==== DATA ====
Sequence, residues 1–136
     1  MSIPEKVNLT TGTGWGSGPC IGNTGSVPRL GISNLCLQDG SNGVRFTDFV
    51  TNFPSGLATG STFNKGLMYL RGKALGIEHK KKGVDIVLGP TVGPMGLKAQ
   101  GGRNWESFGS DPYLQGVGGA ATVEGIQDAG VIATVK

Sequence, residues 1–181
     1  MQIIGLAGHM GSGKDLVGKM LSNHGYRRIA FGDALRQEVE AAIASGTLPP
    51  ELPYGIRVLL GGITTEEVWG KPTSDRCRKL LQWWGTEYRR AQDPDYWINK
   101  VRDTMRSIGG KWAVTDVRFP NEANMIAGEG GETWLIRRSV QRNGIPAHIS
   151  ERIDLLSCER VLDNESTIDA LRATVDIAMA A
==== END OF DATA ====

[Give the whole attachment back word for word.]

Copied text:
Sequence, residues 1–136
     1  MSIPEKVNLT TGTGWGSGPC IGNTGSVPRL GISNLCLQDG SNGVRFTDFV
    51  TNFPSGLATG STFNKGLMYL RGKALGIEHK KKGVDIVLGP TVGPMGLKAQ
   101  GGRNWESFGS DPYLQGVGGA ATVEGIQDAG VIATVK

Sequence, residues 1–181
     1  MQIIGLAGHM GSGKDLVGKM LSNHGYRRIA FGDALRQEVE AAIASGTLPP
    51  ELPYGIRVLL GGITTEEVWG KPTSDRCRKL LQWWGTEYRR AQDPDYWINK
   101  VRDTMRSIGG KWAVTDVRFP NEANMIAGEG GETWLIRRSV QRNGIPAHIS
   151  ERIDLLSCER VLDNESTIDA LRATVDIAMA A